Whether you despise or admire them, hyphenated names are significant. When it comes to “two first names,” people have strong feelings.
For example, in English, my name, Mara José, is Mary Jo. It’s not hyphenated, but it’s intended to be spoken as a unit. I used to hyphenate it when I was younger, and I’m considering doing it again so that people know that THAT IS my name.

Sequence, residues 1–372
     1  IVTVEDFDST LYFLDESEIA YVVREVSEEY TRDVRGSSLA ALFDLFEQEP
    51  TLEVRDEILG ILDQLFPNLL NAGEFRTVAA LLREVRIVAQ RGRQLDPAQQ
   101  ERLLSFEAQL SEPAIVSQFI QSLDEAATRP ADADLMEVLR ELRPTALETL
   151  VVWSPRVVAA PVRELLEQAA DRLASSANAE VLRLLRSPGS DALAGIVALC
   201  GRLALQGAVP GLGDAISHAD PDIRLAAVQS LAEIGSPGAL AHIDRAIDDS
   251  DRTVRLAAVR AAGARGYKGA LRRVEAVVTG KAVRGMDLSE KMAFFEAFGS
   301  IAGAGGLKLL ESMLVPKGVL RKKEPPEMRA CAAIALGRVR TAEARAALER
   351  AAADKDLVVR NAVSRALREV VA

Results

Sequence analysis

True, any name can be combined or hyphenated, but I believe the key is to make it flow. If you want your child’s name to be Emma-Rose rather than just Emma, the second name should be short and charming. If you’re not sure, say it out loud a few times to get a feel for it. If it’s too much of a hassle, try a different combination. Marie, Ray, Lee, Jo, Jean, Mae, Grace, and Paul are some of the more popular second names for hyphenated names.
Here’s a list of hyphenated names for both boys and girls; nevertheless, there are more girl names because the trend seems to favor them.